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Safety Alert: If you believe your computer activities are being monitored, please access this site from a safer computer. To immediately exit this site, click the escape button. If you are in immediate danger, contact 911, a local crisis line, or the U.S. National Domestic Violence Hotline at 1-800-799-7233 and TTY 1-800-787-3224.

Alcohol Use and Sexual Violence: Tips for Parents to Reduce Harm

Thursday, March 29th, 2018

By:  Alexis Guzman, Rachel Bring, Karen Soren 

Columbia University Medical Center

Alcohol consumption can have significant effects on brain function, which can diminish our ability to communicate with and understand others, make us unable to respond to threats in our environment, and can occasionally lead to aggressive behavior. These factors may play a role in the association between alcohol consumption and sexual violence. While researchers continue to investigate the connections between alcohol consumption and sexual behavior, it is important for parents to help guide their children in order to reduce harm as they develop and begin to make their own decisions. The following tips can help reduce alcohol misuse, the negative consequences it can be associated with, and the risk of suffering from sexual assault:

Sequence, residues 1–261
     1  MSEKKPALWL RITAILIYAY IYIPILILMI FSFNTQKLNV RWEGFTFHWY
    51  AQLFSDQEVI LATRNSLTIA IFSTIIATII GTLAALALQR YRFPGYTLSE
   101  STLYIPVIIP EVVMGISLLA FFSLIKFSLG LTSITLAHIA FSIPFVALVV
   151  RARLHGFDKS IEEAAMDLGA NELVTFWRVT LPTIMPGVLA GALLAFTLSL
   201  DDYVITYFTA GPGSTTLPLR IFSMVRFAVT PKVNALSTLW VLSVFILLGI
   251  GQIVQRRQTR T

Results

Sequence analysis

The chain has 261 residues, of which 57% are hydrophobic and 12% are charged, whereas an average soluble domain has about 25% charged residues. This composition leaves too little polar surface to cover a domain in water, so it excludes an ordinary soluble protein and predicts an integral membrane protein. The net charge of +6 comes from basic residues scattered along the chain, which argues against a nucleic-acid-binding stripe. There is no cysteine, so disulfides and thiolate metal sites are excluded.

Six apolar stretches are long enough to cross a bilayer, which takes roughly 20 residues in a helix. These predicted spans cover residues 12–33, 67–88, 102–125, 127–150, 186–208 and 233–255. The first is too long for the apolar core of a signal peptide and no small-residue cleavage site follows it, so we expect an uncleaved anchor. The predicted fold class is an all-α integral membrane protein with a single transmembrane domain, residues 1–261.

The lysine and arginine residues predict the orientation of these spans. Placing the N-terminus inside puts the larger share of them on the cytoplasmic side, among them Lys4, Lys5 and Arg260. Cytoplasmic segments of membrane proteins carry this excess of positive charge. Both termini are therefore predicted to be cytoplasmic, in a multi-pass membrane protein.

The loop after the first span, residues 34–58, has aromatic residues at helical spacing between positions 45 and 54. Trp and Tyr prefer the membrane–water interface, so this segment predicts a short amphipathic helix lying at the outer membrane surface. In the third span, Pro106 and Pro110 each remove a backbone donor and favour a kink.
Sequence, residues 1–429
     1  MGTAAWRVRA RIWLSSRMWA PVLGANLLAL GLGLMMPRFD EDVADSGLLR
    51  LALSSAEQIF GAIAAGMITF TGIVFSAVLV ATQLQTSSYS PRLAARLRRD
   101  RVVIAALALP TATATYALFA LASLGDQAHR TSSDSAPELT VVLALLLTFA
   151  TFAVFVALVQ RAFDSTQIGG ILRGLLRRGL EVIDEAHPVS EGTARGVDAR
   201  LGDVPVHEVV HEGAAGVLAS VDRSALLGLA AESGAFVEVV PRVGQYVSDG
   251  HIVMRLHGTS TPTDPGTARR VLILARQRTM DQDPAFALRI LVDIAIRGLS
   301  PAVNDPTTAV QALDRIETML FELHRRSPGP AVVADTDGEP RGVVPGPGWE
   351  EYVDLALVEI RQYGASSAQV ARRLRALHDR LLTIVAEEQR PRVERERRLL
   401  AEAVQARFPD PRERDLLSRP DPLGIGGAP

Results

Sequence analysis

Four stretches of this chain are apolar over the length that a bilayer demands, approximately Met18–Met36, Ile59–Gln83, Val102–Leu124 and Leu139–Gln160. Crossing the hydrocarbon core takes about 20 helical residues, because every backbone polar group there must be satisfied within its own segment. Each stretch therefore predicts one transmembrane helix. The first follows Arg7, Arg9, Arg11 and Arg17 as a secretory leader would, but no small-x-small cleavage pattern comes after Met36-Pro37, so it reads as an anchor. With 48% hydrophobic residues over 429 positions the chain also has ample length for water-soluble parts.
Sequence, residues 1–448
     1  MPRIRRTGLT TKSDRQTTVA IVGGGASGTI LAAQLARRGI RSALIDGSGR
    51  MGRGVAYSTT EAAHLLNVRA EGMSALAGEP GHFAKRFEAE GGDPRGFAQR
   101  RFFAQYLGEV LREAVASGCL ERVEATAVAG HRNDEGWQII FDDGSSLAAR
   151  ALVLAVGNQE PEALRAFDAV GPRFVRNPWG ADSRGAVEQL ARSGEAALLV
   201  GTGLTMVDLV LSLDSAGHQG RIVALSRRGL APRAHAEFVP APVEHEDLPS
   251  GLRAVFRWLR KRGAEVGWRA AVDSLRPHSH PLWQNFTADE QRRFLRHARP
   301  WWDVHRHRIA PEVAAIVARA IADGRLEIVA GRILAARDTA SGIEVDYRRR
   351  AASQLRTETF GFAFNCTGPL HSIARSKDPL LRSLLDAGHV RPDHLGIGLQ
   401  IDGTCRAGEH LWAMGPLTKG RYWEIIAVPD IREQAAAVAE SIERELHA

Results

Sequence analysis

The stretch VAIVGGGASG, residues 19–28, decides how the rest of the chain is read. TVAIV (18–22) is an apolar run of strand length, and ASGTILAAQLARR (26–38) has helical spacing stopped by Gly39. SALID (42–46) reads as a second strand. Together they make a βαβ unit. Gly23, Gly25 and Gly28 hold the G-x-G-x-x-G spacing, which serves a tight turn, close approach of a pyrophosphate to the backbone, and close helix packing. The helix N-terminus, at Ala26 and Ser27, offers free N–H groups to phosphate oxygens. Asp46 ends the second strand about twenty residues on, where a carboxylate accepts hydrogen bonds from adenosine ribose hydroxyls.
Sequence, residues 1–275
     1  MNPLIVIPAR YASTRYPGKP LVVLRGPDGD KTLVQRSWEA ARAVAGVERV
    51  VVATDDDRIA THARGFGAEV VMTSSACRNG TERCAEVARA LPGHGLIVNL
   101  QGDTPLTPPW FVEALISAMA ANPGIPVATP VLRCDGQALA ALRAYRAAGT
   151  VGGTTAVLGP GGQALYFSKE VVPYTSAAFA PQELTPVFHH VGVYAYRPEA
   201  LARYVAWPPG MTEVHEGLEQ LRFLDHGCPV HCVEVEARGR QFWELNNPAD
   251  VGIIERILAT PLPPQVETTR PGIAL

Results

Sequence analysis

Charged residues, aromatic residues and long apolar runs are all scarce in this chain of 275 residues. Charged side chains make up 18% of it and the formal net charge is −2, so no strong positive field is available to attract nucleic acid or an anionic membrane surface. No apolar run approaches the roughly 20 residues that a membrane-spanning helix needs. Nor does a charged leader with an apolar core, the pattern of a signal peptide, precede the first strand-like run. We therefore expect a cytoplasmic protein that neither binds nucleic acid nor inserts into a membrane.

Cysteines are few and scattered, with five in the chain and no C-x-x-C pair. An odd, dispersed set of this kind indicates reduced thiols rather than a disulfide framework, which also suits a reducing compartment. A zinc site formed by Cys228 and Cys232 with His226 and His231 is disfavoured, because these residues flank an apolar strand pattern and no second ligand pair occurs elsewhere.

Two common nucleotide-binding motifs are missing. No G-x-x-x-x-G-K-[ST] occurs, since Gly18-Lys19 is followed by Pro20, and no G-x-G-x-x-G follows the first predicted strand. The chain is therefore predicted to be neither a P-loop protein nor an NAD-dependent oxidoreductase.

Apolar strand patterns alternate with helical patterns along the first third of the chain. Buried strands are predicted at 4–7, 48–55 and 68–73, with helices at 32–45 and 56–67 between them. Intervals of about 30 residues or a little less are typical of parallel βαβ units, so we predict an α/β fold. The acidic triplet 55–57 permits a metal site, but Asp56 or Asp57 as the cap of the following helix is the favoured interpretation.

1. Be warm but strict

Providing your children with discipline and support is important in helping them make healthy choices. Talk to them about the negative effects of alcohol use and the importance of avoiding alcohol until they come of age. Encourage them to speak to you openly about any issues that they encounter.  If they make decisions that may not be in their best interests, express your concerns and provide constructive criticism. Make it a conversation.

  1. Be a role model

Modeling responsible drinking behaviors in front of your teens will help them gain a sense of what drinking alcohol should be like. Show them that, while it may be okay to drink occasionally as an adult, there should be limits to the amount of alcohol someone consumes at a given time. If you choose to drink outside your home, have a designated driver that can safely drive you back.

  1. Know your teen’s friends